LINCOLN, Maine — Mark Helsor, a home contractor, figures the Town Council would cost him about $3,000 a year, and increase the price of a typical small re-roofing job by as much as $700, if councilors prevent contractors from dumping waste at the town transfer station.
“A typical Dumpster, if it’s got shingles, costs like $700. If it’s got debris, it’s like $400 or $500,” the owner of Mark Helsor & Sons Inc. of Lincoln said Thursday. “Any smaller project would be that much more [for his customers]. Any big project would cost even more because it would take more than one Dumpster.”
Helsor wondered why the town’s biggest operations, such as Lincoln Paper & Tissue, LLC, get big tax breaks that force town officials to increase the fees of smaller businesses.
“I definitely got a beef with that,” he added.
Councilors will hold a public hearing and might vote Monday on Town Manager Lisa Goodwin’s proposed town ordinance change that would stop the transfer station from accepting commercial waste. The meeting is at 7 p.m.
If passed, the ordinance change would go into effect in December. It would save taxpayers about $100,000 during the 2011 calendar year — about $45,000 during the next fiscal year, which ends June 30, 2011 — but probably would force contractors to haul waste to the Penobscot Energy Recovery Co. in Orrington, Goodwin said Thursday.
The town charges contractors a $100 fee for debris from jobs of all sizes left at the station. It typically hauls debris to PERC four or five times a week, Goodwin said. Hauling only residential debris would reduce Orrington trips to one to three a week.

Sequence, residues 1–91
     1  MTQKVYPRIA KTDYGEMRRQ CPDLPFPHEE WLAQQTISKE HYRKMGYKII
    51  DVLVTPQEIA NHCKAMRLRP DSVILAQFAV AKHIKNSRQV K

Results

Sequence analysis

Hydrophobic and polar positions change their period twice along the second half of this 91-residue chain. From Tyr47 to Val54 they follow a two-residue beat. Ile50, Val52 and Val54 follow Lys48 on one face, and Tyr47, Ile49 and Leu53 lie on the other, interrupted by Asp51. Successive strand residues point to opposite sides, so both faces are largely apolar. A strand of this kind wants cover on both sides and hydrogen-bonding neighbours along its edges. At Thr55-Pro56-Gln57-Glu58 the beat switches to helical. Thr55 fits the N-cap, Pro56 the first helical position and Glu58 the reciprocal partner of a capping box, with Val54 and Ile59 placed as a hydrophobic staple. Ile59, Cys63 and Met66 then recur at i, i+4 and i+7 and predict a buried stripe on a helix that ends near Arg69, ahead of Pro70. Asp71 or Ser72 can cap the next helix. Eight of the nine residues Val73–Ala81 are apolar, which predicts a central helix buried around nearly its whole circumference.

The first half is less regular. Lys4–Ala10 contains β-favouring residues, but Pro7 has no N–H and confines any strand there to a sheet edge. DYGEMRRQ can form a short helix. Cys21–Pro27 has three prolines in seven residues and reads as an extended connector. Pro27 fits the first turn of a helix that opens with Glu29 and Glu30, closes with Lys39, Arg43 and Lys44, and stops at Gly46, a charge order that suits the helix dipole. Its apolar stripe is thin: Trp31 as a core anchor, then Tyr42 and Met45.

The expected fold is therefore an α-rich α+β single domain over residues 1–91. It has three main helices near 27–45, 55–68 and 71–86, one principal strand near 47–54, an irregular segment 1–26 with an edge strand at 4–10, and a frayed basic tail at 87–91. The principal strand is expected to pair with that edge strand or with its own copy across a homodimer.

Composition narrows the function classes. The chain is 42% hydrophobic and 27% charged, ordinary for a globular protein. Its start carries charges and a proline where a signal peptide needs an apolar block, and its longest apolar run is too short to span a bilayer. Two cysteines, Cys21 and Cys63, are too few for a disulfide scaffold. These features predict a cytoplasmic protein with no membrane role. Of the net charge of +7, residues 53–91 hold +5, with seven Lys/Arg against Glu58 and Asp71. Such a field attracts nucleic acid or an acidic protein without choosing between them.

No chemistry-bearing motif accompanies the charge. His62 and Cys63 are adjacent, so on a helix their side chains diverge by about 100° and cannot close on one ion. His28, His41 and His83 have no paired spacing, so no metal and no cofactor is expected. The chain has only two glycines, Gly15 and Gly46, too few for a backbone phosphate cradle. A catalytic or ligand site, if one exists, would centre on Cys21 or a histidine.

“Obviously, it will cost them [contractors] more to do business,” Goodwin said, “but I don’t know another municipality in Maine that allows commercial hauling into their transfer station.”
If the council leaves unchanged Goodwin’s proposed $6.85 million 2010-11 municipal and school budget, taxpayers would face a mill rate increase from 20.6 mills to 21.0 mills. Residents owning $100,000 worth of property would pay $2,100 in taxes annually starting July 1, which begins the fiscal year, instead of $2,060.
The ordinance change might hurt contractors, Goodwin said, but it would reduce slightly the proposed mill rate increase and would also help town waste haulers, who could be paid by contractors to haul debris.
Some savings might be achieved if the haulers work with several contractors to combine waste and haul it, she said.
Under Goodwin’s proposal, the town’s net expenses would increase $208,160 over this year’s budget — mostly due, she said, to a $182,132 decrease in state aid and other revenue and a county tax increase of $35,205.
Under the proposal, the town’s municipal gross expenses actually increase only $1,112, a testament to town managers’ work keeping costs as low as possible, Goodwin said.
Another contractor, Larry Ham of Larry Ham Construction, said he had mixed feelings about the proposed ordinance change.
“Whatever that transfer station costs the town is divided equally amongst everybody,” Ham said. “Now, any construction projects will be paid for by the people who pay for them. Maybe that’s fair, but that’s who will be affected the most.”